Treatment of benign prostatic hypertrophy
by transurethral thermotherapy
The treatment of benign prostatic hypertrophy depends on objective (clinical parameters) and subjective (discomfort and effects on the quality of life) considerations, where patient's choice clearly remains a major decision-making factor.
For a high number of patients without severe complications, the first-line treatment for this condition is medical treatment: phytotherapy, alpha-blockers, 5-alpha-reductase inhibitors, and, more recently, the association of an alpha-blocker with a 5-alpha-reductase inhibitor (bitherapy). This is a symptomatic treatment that requires life-long medication intake. However, a number of patients are not relieved by these treatments (2/3 of patients declare that they experience some degree of discomfort regardless of the improvement of clinical parameters) and do not tolerate their side effects (particularly those affecting the cardio-vascular system) or have a disease progress. This ineffectiveness or the onset of complications (urine retention, bladder stones, kidney failure) usually lead to the proposition of a surgical treatment. At the present time, the most common procedures are open adenomectomy and, most of all, transurethral resection of the prostate (TURP). This procedure, which is practiced in 80% of cases, remains an invasive solution whose major side effects are bleeding and disorders of the sexual function (erectile dysfunctions and retrograde ejaculation). Other less invasive techniques have been developed in the course of the last decade: thermotherapy (microwave, Prostiva™...), laser therapies, transurethral vaporization... The Prostiva™ system permits a preservation of the sexual and reproductive function of patients and offers the opportunity to treat the patient with a reduced hospitalization rate, or even in an outpatient clinic. However, the most frequently observed side effect is a transient urinary retention which, in the majority of cases, requires postoperative catheterization for a few days.
Principle of thermotherapy: Use of the heat provided by microwave energy or by radiofrequency to necrotize the prostatic tissue responsible of the urinary obstruction.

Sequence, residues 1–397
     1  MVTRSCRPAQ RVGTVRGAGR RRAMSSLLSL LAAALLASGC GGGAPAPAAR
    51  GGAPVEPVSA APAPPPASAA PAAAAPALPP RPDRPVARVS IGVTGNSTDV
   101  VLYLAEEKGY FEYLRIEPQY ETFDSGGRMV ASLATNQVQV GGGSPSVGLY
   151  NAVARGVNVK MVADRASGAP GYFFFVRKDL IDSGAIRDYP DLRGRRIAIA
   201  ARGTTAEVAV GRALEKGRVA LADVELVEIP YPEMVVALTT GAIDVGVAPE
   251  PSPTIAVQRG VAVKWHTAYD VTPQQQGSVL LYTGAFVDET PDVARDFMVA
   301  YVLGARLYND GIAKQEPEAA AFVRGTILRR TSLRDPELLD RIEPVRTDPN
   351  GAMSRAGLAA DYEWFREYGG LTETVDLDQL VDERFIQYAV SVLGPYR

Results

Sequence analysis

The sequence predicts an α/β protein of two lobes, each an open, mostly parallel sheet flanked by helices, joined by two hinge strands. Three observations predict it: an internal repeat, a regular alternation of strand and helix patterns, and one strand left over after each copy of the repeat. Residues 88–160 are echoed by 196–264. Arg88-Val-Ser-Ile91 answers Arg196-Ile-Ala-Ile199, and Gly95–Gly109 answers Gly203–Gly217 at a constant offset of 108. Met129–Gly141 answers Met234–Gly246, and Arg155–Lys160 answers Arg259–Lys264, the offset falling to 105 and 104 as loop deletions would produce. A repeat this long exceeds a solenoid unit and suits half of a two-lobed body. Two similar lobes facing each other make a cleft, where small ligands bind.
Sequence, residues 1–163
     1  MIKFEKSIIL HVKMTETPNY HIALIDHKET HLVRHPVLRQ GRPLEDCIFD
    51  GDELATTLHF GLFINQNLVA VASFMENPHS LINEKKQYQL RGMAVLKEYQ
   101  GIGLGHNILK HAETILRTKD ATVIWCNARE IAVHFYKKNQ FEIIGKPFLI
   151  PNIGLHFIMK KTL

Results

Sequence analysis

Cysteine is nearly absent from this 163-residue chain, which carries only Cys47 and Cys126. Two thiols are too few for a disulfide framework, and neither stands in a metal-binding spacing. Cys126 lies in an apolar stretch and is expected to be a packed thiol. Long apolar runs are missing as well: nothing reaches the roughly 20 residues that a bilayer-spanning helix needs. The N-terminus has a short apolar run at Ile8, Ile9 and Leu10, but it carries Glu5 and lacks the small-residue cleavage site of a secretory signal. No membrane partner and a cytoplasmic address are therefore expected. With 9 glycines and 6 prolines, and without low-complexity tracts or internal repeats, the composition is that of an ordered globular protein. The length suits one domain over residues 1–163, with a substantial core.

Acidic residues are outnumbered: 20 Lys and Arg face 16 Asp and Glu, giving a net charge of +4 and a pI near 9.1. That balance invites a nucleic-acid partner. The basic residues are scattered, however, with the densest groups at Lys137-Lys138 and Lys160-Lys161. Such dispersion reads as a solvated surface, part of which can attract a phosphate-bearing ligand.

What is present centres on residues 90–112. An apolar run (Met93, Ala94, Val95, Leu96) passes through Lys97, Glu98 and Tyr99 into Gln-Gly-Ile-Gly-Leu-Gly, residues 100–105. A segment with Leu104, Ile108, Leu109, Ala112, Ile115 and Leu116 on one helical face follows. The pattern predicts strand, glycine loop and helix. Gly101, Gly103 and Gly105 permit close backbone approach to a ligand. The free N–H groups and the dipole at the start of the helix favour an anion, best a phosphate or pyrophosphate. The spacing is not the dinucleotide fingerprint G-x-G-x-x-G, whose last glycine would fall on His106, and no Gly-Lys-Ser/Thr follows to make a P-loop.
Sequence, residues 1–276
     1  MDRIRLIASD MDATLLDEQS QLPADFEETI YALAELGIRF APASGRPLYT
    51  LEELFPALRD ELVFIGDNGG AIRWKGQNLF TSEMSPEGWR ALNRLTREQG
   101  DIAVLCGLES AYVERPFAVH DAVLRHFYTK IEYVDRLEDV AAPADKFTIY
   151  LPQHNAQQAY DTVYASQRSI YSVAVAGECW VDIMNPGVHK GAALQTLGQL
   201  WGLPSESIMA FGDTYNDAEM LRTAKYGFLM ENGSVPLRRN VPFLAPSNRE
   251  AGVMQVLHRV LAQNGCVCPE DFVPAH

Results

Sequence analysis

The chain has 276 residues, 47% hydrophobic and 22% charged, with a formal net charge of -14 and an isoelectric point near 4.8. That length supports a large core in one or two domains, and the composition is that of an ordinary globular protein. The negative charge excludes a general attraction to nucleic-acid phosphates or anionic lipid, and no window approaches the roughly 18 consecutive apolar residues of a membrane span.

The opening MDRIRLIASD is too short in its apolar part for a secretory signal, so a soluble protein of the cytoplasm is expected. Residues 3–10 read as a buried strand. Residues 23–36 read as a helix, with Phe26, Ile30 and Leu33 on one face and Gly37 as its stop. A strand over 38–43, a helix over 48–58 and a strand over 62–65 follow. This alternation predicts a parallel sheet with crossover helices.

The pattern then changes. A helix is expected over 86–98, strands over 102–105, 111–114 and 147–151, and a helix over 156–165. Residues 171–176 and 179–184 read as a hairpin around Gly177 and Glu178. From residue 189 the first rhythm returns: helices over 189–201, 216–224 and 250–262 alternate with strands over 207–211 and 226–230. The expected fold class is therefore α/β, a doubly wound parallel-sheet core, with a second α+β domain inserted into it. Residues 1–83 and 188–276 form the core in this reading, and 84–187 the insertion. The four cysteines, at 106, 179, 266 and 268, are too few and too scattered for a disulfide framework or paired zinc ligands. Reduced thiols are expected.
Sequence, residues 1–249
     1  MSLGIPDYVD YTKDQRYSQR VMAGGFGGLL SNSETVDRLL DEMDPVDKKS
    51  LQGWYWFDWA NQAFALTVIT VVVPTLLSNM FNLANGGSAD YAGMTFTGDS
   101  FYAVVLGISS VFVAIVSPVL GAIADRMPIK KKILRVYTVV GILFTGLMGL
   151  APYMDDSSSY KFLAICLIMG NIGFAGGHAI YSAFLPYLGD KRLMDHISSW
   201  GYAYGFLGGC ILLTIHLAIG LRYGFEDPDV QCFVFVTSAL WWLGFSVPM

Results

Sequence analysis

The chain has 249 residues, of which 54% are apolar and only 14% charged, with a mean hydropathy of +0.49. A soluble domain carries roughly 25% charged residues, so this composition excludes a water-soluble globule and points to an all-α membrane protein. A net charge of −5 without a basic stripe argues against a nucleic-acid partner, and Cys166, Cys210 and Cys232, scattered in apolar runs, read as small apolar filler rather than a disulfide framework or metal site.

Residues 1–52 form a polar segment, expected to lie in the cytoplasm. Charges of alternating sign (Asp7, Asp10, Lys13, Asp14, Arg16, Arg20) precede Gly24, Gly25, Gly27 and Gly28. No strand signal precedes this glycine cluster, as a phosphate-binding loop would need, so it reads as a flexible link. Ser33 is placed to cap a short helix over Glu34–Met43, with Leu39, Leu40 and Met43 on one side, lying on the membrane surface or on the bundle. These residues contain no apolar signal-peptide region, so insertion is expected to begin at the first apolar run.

This principle is not new, but its innovative nature lies in the increased power of the equipment, which now allows for higher intraprostatic temperatures (44- 45°C for hyperthermia; > 50°C for thermotherapy; 115°C for radiofrequency). These temperatures are obtained while preserving the urethra, rectum and the internal and external urinary sphincters thanks to a urethral cooling system and to alarm systems that automatically interrupt the heat emission when the rectal and/or urethral temperature exceeds a preset threshold.
The Prostiva™ system is used with a transurethral approach for the thermoablation treatment of benign prostatic hypertrophy. The device consists of two radiofrequency electrodes that deliver energy to cause a coagulative necrosis of the defined areas, essentially of smooth muscle cells, a phenomenon that triggers a permanent alpha-blocking effect.
The material includes a radiofrequency generator, a treatment handle with a telescope installed on it to allow for the direct visualization of the positioning of the disposable cartridge provided with treatment needles, and a disposable irrigation system to reduce tissue heating and rinse the urethra.
The specific feature of the Prostiva™ method is its capacity to perform a targeted treatment in the obstructed areas of the prostate. Its array of needles allows for the most effective application of heat to the tissue. The system also allows for the preservation of certain areas, such as the bladder neck, thus facilitating antegrade ejaculation and avoiding erectile problems.
This is the latest first-line treatment of benign prostatic hypertrophy used in the United States , whose results in Europe are extremely promising.
PROSTIVA™ RF Therapy
>>> Treatment of Benign Prostatic Hyperplasia [PDF]